As a Node developer, chances are that you've already encountered with both Mongoose, and ODM (Object Document Mapper)library helping you connect your app to a MongoDB and TypeScript which is a typed superset of JavaScript that enables the developer to write code with less potential bugs, increased maintainability and smarter code completion through types.

Because both technologies are so popular, it is not a surprise people want to use them together.

A common problem however when using Mongoose with TypeScript is that you have to define both the Mongoose model and the TypeScript interface which leads to redundancy.


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interface User {
  name?: string;
  age: number;
  job?: Job;
  car: Car | string;
}

interface Job {
  title?: string;
  position?: string;
}

interface Car {
  model?: string;
}

mongoose.model('User', {
  name: String,
  age: { type: Number, required: true },
  job: {
    title: String;
    position: String;
  },
  car: { type: Schema.Types.ObjectId, ref: 'Car' }
});

mongoose.model('Car', {
  model: string,
});

If the model changes, you also have to keep the TypeScript interface file in sync or the TypeScript interface would not represent the real data structure of the Mongoose model.

For a small application this may not be a huge problem, but as your system grows syncing becomes harder, developers tend to forget it, which creates nasty bugs.

Typegoose aims to solve this problem by defining only a TypeScript interface (class) which needs to be enhanced with special Typegoose decorators.

class User extends Typegoose {
  @prop()
  name?: string;

  @prop({ required: true })
  age: number;

  @prop()
  job?: Job;

  @prop({ ref: Car, required: true })
  car: Ref<Car>;
}

class Job extends Typegoose {
  @prop()
  title?: string;

  @prop()
  position?: string;
}

class Car extends Typegoose {
  @prop()
  model?: string;
}

Under the hood it uses the reflect-metadata API to retrieve the types of the properties, so redundancy can be significantly reduced.

Usage

To get started, create a Node project and add TypeScript and Typegoose as dependencies.

npm init
npm install -D typescript
npm install -S typegoose
./node_modules/.bin/tsc --init

IMPORTANT! The generated tsconfig.json must be edited so Typegoose can properly work. Both the experimentalDecorators and emitDecoratorMetadata must be set totrue.

After that create a Mongoose connection to your MongoDB instance.

import * as mongoose from 'mongoose';

mongoose.connect('mongodb://localhost:27017/test');

Then you can define your own Mongoose models using Typegoose.

import * as mongoose from 'mongoose';
import { prop, Typegoose, ModelType, InstanceType } from 'typegoose';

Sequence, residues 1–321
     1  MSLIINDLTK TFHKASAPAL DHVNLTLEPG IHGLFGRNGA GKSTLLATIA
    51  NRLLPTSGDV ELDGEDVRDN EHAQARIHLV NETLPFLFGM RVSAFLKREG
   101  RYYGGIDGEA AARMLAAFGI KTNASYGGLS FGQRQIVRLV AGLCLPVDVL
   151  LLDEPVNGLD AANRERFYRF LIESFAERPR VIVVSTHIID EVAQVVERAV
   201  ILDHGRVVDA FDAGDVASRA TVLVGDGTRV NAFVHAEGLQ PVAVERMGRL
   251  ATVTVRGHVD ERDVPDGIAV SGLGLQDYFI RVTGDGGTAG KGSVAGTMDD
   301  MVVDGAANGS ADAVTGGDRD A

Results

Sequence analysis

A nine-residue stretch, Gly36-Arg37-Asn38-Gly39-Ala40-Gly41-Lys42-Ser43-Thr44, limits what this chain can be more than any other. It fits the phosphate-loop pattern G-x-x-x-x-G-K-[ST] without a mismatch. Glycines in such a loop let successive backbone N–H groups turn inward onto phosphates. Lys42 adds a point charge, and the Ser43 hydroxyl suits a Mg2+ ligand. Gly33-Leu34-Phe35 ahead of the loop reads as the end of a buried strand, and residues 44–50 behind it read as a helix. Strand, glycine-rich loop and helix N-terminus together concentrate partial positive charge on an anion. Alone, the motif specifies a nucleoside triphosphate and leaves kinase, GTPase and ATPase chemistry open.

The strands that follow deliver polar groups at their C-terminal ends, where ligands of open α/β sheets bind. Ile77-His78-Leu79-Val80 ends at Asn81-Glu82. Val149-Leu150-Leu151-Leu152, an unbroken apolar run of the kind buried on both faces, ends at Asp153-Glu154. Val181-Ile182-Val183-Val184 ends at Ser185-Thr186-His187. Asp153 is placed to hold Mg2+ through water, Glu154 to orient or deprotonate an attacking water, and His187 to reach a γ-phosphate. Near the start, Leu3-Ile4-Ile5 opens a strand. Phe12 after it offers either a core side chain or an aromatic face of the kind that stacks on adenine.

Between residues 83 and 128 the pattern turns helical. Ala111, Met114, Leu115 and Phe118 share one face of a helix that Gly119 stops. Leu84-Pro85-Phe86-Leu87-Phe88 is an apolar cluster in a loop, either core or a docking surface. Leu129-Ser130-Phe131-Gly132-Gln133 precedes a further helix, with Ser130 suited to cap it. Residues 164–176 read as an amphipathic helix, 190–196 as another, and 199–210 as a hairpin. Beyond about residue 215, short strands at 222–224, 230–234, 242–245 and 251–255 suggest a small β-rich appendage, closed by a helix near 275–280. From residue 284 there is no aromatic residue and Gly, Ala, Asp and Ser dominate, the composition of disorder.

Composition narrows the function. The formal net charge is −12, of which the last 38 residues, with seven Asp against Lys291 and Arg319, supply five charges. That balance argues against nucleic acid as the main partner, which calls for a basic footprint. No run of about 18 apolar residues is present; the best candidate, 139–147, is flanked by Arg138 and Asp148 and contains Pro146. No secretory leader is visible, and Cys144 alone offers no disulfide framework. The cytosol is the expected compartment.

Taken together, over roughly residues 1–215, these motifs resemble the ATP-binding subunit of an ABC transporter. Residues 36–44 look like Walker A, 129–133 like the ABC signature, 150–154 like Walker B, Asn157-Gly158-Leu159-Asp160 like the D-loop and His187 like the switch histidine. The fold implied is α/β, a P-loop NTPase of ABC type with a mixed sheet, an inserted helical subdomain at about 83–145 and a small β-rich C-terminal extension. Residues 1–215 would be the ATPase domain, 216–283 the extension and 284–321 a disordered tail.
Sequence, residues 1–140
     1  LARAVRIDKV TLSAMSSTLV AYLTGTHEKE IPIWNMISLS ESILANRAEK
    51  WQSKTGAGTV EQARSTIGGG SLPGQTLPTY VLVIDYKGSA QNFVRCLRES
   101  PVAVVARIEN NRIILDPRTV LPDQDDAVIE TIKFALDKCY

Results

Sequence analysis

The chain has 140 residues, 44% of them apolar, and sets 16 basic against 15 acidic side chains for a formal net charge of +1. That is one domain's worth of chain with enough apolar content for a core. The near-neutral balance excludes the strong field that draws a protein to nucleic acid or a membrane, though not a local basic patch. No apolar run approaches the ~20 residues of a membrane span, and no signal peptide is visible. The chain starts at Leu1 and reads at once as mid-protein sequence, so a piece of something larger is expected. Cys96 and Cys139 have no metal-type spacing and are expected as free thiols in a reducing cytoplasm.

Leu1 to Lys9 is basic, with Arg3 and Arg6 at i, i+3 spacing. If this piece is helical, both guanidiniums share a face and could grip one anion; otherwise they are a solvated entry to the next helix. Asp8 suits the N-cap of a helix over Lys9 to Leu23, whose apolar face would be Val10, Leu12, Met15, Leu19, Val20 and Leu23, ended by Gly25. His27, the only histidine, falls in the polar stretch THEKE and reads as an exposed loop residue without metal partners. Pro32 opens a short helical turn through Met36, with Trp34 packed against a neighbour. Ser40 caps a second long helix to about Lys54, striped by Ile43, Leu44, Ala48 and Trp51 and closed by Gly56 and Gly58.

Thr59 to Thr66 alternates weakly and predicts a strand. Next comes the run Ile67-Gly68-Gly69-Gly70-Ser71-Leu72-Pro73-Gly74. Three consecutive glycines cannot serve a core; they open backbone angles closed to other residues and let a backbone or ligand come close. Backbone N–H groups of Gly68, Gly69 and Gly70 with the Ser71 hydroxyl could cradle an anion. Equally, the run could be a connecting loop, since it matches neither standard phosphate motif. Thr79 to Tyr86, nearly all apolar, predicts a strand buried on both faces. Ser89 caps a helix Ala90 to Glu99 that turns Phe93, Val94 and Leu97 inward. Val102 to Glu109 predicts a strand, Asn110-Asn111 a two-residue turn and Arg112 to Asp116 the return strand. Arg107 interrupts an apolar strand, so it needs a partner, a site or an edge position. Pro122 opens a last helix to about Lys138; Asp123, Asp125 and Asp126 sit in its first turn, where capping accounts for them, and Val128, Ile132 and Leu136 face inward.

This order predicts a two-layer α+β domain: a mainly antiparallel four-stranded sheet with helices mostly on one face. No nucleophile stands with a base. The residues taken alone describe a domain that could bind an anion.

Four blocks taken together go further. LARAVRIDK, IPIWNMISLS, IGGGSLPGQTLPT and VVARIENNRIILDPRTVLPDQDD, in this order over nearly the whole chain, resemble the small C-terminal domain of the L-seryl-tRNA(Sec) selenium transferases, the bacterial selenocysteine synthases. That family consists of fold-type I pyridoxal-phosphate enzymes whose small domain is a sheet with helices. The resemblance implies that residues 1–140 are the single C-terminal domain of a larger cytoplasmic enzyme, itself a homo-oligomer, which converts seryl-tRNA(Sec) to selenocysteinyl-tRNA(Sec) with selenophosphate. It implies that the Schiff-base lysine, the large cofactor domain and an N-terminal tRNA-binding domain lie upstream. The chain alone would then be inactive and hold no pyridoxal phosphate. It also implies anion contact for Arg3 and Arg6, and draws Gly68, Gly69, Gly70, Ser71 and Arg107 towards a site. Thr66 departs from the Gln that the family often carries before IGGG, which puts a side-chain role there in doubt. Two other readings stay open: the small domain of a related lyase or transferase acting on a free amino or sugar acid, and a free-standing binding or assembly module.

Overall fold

class User extends Typegoose {
  @prop()
  name?: string;
}

const UserModel = new User().getModelForClass(User);

For the full API documentation check out the project's API section.

Now that the Mongoose connection is established and a model is defined using Typegoose we are now able to use the model object to manipulate the database.

import * as mongoose from 'mongoose';
import { prop, Typegoose, ModelType, InstanceType } from 'typegoose';

mongoose.connect('mongodb://localhost:27017/typegoosetest');

class User extends Typegoose {
  @prop()
  name?: string;
}

const UserModel = new User().getModelForClass(User);

(async () => {
  const u = new UserModel({ name: 'JohnDoe' });
  await u.save();
  const user = await UserModel.findOne();
  console.log(user); // { _id: 59218f686409d670a97e53e0, name: 'JohnDoe', __v: 0 }
})();

And there we have it! A working example of Typegoose in action.

The real benefit however comes during development time, when Typegoose tells typing information to TypeScript about the decorated Mongoose model. This repels several potential bugs as well as helps the developer through the auto complete feature.

Typegoose1

Here Typegoose helps the developer by showing the property on the Mongoose model.

Typegoose2

In this scenario if we define a static class method, which equals a static in terms of a Mongoose model, we can see that TypeScript knows about this model function and helps correcting the typo we made.

Conclusion

In this post we've tackled the redundancy issue which is present when you use Mongoose with TypeScript. Instead of defining the Mongoose model and the TypeScript definition file separately, we can use Typegoose to create a TypeScript class which encapsulates the Mongoose model while giving typing information about the underlying model.

Please, let me know how this works for you.


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